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I am using Debian which is similar to Ubuntu.

They have 7 dot matrix printers, some of which are very old (example), which have worked since 1979 and are faster than many inkjets at printing text.

I believe that it has his own language, since sending text to serial port (port server) prints garbage. However I think is prints only capital English up to 95 ASCII and Greek and the rest up to 127 I think Greek capital. (special chip)

I think that sending English capital letters prints garbage, but I am not sure and will try again.

The other printers are ESC/P compatible and I use a generic Epson driver provided by ghostscript. However, I think that sending text via

lp -dpr1 filename

prints the text as a graphic and changing the printer's font face (courier, times roman, etc) or pitch has no effect.

I am wondering if there is any workaround for this? In AIX they claim that the lp command printed output as text as it prints and Cobol programs send raw text to lp printers. However, in AIX they use some custom filters for the printers and have more options for dot matrix printers.

I would like to know if there is a way to avoid graphics mode for text and change the font face.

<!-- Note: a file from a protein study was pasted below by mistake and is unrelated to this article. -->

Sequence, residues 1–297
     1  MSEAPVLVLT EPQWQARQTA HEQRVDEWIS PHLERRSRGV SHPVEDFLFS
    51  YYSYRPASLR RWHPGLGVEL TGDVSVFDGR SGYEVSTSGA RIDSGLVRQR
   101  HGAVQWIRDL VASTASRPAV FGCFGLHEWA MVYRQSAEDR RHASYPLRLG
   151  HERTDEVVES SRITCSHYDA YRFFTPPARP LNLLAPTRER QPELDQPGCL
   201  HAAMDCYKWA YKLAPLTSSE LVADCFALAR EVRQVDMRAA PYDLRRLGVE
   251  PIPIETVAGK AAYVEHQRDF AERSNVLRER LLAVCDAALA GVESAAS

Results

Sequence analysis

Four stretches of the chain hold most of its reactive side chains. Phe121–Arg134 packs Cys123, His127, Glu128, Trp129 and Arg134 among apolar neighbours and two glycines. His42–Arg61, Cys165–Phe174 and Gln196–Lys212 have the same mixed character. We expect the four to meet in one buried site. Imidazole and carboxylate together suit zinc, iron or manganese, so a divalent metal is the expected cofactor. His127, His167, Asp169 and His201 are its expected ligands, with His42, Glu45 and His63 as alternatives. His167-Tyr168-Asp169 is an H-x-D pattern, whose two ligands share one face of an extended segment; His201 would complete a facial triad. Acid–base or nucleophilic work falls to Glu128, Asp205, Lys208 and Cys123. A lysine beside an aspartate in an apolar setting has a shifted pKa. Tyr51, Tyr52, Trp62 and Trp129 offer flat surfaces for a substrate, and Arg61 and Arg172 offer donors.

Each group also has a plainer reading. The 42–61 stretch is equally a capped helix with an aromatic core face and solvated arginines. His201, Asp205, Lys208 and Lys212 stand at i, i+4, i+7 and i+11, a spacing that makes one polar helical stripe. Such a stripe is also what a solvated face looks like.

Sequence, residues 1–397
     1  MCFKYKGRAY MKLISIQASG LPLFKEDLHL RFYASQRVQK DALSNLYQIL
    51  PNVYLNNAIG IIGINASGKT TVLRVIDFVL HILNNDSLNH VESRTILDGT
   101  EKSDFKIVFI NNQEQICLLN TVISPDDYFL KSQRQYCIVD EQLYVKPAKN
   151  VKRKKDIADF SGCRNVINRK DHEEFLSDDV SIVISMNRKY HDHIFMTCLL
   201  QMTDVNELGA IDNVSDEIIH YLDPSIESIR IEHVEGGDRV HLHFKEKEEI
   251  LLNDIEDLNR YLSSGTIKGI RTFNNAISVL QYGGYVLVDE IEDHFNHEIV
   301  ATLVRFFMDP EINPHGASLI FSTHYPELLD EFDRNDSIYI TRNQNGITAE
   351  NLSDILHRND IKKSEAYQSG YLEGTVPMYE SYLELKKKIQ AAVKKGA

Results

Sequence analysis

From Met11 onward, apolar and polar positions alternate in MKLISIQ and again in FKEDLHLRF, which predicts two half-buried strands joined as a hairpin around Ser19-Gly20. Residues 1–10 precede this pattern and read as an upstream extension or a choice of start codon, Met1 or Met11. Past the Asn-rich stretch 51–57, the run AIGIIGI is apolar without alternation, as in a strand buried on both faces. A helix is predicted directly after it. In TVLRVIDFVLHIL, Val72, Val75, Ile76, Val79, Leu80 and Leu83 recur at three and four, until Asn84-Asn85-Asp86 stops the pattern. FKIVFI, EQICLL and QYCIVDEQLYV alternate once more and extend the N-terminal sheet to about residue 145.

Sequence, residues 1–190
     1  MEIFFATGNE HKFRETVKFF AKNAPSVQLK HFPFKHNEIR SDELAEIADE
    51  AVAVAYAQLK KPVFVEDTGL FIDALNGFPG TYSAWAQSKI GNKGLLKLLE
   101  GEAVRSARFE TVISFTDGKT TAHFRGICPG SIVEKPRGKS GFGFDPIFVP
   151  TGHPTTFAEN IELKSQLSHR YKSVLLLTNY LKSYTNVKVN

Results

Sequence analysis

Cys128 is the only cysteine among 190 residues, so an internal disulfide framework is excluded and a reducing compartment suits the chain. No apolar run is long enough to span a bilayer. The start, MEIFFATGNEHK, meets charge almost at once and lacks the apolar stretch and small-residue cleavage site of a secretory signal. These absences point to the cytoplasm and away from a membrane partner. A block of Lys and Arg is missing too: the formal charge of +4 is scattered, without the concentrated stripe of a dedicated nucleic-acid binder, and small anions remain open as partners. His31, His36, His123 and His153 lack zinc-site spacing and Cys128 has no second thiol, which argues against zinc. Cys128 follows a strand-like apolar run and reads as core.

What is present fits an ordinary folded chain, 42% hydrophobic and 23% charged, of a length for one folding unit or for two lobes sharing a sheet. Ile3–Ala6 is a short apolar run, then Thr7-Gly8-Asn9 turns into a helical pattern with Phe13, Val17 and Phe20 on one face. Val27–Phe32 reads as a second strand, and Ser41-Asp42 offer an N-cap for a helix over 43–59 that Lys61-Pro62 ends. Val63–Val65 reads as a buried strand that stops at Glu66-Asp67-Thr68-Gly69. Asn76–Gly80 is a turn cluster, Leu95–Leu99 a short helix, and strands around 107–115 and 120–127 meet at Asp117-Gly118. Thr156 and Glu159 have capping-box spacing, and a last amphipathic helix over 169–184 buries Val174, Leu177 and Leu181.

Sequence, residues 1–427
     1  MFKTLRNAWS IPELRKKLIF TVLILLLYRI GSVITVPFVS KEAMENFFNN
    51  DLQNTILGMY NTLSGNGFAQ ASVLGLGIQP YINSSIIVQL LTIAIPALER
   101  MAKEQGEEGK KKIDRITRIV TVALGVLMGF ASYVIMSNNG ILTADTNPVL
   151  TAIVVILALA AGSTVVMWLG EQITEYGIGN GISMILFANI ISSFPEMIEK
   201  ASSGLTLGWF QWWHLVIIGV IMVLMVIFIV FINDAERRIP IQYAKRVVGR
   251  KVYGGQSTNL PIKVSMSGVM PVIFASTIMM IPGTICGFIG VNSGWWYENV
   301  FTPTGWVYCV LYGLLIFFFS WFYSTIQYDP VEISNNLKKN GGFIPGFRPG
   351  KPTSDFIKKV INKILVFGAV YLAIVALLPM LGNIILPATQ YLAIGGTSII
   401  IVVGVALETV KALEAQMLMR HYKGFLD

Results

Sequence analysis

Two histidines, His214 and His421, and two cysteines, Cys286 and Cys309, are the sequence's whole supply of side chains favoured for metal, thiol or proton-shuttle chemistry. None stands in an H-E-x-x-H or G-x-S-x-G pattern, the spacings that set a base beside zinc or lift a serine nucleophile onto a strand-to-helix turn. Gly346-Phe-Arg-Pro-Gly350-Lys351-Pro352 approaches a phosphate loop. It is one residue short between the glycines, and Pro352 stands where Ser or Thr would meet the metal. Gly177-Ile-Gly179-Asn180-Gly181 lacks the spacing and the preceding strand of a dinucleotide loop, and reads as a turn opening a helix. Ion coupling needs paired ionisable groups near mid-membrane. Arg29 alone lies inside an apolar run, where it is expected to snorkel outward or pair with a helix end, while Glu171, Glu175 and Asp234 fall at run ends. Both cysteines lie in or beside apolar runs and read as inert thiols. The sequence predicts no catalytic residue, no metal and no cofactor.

The most straightforward approach would be to use no driver, just send ESC/P from Cobol but this requires too much work.

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I haven't tested this (I'm not close to my DEC serial dot matrix printer from the Eighties), but CUPS apparently allows you to send raw jobs to the printer using

lpr -o raw $FILE

Obviously, the job must be in the printer's native command language, whatever it is (plain text should work).

However, some pathology: if the ‘garbage’ is random dots (non-deterministic across print jobs and/or across printers), check the printer's (or printers') character ROMs for corruption. Bit rot is a concern after this long, especially with EPROMs. Since your printers are obviously wearing customised ROMs, this is a likelihood.

If all printers are printing consistently exactly the same output, it's obviously not one printer's ROM. You could check the serial communication parameters are correct. Most printers from the late 70s and early 80s will have a bank of DIP switches to configure that.

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